“Our Father in heaven, hallowed be your name, your kingdom come, your will be done in my children’s lives as it is in heaven . . . Forgive my children their debt as they forgive their debtors . . . and lead my children not into temptation, but deliver them from the evil one . . . ” (Matthew 6:9-13).
“Give my children an undivided heart that they may fear your name” (Psalm 86:11).
“How can my sons keep their way pure? By living according to your word. May they seek you with all their hearts; do not let them stray from your commands. Let them hide your word in their hearts that they might not sin against you” (Psalm 119:9-10).
“Lord, help my child flee the evil desires of youth, and pursue righteousness, faith, love and peace, along with those who call on You out of a pure heart” (II Timothy 2:22).
“Fulfill your purposes for my children; your love, O Lord, endures forever—do not abandon the works of your hands” (Psalm 138:8).
Lord, I thank you that “neither death nor life, neither angels nor demons, neither the present nor the future, nor any powers, neither height nor depth, nor anything else in all creation, will be able to separate my children from your love . . . (Romans 8:38).
The Word provides countless ways to pray. And we have the help of the Holy Spirit as well. How often I find myself unable to express what my heart seems to know, but this is when I find comfort in Romans 8:26-27, In the same way, the Spirit helps us in our weakness. We do not know what we ought to pray for, but the Spirit himself intercedes for us through wordless groans. And he who searches our hearts knows the mind of the Spirit, because the Spirit intercedes for God’s people in accordance with the will of God.
Prayer and Spiritual Battle
Ezekiel 22:30 talks about standing in the gap on behalf of the land. We can do this for our children, too. Where there may be a breach, where there is no advocate, through our prayers we stand guard.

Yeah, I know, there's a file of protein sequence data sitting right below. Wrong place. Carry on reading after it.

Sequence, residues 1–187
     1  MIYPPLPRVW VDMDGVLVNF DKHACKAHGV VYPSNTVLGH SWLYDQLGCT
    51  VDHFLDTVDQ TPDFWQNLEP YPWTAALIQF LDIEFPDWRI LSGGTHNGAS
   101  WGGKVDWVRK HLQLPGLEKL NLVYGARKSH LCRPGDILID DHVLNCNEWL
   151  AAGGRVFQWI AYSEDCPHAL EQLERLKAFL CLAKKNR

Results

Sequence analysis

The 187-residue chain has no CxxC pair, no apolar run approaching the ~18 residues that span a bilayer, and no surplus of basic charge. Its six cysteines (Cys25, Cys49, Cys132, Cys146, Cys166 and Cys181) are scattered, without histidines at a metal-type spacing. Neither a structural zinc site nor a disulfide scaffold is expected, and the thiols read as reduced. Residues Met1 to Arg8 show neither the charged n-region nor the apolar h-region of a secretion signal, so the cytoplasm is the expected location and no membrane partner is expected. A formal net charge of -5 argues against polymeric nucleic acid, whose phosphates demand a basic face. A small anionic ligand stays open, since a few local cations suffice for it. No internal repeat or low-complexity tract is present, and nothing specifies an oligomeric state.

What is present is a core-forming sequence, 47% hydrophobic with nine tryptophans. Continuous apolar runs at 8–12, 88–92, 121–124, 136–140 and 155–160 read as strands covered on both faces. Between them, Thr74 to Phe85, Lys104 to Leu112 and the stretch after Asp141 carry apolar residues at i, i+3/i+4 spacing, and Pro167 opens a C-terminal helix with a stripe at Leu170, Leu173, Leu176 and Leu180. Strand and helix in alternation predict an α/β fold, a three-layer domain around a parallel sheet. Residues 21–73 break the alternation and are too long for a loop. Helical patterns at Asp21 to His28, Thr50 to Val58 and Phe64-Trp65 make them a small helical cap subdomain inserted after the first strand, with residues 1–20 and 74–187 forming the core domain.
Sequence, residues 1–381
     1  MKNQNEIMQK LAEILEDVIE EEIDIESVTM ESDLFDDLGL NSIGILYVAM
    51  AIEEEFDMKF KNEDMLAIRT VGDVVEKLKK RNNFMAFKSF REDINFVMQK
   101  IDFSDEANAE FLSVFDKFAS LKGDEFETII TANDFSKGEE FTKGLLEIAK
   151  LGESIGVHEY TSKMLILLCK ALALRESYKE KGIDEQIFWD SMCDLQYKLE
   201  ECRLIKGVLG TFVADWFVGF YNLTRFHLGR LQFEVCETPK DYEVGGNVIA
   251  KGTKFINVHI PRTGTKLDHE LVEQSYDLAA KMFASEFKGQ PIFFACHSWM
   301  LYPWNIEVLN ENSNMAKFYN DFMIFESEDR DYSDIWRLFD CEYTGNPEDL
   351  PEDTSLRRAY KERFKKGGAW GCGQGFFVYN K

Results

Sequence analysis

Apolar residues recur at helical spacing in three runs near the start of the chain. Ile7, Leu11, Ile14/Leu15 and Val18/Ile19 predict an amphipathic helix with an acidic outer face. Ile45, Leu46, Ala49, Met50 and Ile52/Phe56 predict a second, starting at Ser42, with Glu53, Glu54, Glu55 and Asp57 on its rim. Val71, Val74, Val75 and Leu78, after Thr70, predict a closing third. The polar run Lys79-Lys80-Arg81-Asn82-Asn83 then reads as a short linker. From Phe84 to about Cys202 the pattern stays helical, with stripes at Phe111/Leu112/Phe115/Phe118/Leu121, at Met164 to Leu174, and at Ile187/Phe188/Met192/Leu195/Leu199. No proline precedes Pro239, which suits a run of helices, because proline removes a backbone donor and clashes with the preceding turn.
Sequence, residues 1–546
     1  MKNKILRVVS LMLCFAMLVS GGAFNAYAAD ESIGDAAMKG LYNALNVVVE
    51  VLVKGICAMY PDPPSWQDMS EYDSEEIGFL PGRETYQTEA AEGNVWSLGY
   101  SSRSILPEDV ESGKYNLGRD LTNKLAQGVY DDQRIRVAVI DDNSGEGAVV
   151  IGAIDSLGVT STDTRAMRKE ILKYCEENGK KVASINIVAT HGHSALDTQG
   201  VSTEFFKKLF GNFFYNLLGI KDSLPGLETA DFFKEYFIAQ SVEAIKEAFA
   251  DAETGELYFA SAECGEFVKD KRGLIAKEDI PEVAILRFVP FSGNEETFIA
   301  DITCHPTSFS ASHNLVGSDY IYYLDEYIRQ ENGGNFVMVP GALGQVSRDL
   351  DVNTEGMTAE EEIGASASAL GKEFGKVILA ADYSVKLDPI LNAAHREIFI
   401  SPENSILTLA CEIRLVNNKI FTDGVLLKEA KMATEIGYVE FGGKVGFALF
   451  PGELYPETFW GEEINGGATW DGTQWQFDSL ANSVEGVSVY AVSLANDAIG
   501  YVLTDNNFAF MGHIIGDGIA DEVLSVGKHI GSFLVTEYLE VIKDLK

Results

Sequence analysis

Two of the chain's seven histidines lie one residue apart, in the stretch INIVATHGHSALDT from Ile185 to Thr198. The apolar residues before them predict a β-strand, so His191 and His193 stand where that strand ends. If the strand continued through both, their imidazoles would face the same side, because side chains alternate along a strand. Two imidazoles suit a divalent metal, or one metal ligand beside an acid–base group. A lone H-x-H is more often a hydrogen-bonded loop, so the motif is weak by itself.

Praying for our adult children means entering into battle. In Ephesians 6, the apostle Paul admonishes believers to “put on the full armor of God” so that we can ” take our stand against the devil’s schemes (vs. 11). He tells us to put on the belt of truth, the breastplate of righteousness, the helmet of salvation, and sandals of readiness to share the gospel. We are to take in hand the shield of faith and the sword of the Spirit. Being fully equipped is certainly important as we pray.
Communication—Critical for Soldiers
Then Paul adds, “And pray in the Spirit on all occasions with all kinds of prayers and requests. With this in mind, be alert and always keep on praying for all the Lord’s people” (vs. 18). If Paul had lived in our technological times, he might have been inspired to continue metaphors. Perhaps he would have described prayer as the communications system between us and our Commander at headquarters. Prayer is a way for believers to relay their need in the trenches, but more importantly, to receive their Commander’s orders. Will we stay alert to the Holy Spirit’s promptings in matters pertaining to our children?
The spiritual battle going on in heavenly realms for our children’s souls is real. The question is, will you and I engage in the fight for our sons and daughters by committing time to prayer? Will we place a stake in heavenly ground on their behalf? Sometimes we look at circumstances and despair. But remember, the Good Shepherd is more than able to snatch your little lamb out of the lion’s mouth. Jesus tells us, “Humanly speaking, it is impossible. But with God everything is possible” (Matthew 19:26).
And ultimately, isn’t that why we pray?